The 2011 CBA greatly reduces the work hours and responsibilities of NFL players in the offseason. Plenty of players would prefer to have greater access to their coaching staffs in the offseason. Plenty of coaches would prefer it, too.
“The [NFL] management council and the [NFLPA] have got to get together and help us as organizations and coaches help our young players develop as people and players,” Ravens coach John Harbaugh recently said, via Jamison Hensley of ESPN.com. “I mean, come on. You hold us responsible and want us to be a factor in their lives like the mentoring program and things like that. Give us a chance.”
Harbaugh believes professional football players should be allowed to pursue their professions more than they’re currently permitted to do.
“This is not the NCAA,” Harbaugh said. “This is not recruiting. These are our guys. We want what’s best for our players. That’s what’s good for the league. That’s what good for these young men. And that’s what they want. . . .
“They want to go see their position coach. They want to learn football. It’s their craft. And we’re saying, ‘No, you can’t do it?’ Why? Because of the Collective Bargaining Agreement that makes no sense? Because somebody wanted to get their little win here vs. their little win over there? Get together and do what’s best for these players, and it’s about time that somebody stepped to the plate and realized that and [took] the politics out of it.”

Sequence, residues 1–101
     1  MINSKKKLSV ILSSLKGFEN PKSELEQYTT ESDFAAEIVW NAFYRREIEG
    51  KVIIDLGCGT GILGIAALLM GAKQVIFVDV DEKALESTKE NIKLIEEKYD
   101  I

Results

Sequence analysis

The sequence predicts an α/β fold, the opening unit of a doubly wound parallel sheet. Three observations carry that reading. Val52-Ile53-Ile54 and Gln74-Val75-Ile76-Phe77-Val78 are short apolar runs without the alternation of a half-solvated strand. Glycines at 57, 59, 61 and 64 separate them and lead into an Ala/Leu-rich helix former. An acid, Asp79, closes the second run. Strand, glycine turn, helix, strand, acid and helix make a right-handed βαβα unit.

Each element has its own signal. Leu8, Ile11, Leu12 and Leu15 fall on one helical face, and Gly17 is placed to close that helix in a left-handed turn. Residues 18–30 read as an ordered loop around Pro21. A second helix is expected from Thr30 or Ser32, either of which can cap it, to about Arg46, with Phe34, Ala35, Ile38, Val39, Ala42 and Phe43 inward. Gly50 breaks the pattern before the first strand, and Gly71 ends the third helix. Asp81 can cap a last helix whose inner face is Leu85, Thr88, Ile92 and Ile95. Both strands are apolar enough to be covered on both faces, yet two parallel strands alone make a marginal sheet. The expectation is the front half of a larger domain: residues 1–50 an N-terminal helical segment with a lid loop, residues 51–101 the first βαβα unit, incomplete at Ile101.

He’s right, but here’s the problem. If the rules allowed greater time to be spent at the facility working with coaches, some coaches would abuse the situation and pressure players who maybe don’t want to spend quite as much time at work as the coach wants them to spend at work. To guard against violations that possibly would be undetected and unenforced, the league and the NFLPA have created bright-line rules that hurt everyone.
So why not allow players to spend more time in the offseason working with coaches, and create clear limits with clear penalties for those who squeeze players into doing too much? Having structure helps keep plenty of players out of trouble. Having organized learning sessions helps young players (especially quarterbacks) develop.
Put simply, players should be given the chance to behave as what they are — professionals. And the league and the NFLPA should be ready and willing to hold accountable coaches who violate the boundaries of professionalism by putting too much pressure on players to choose to do more than they really want to do.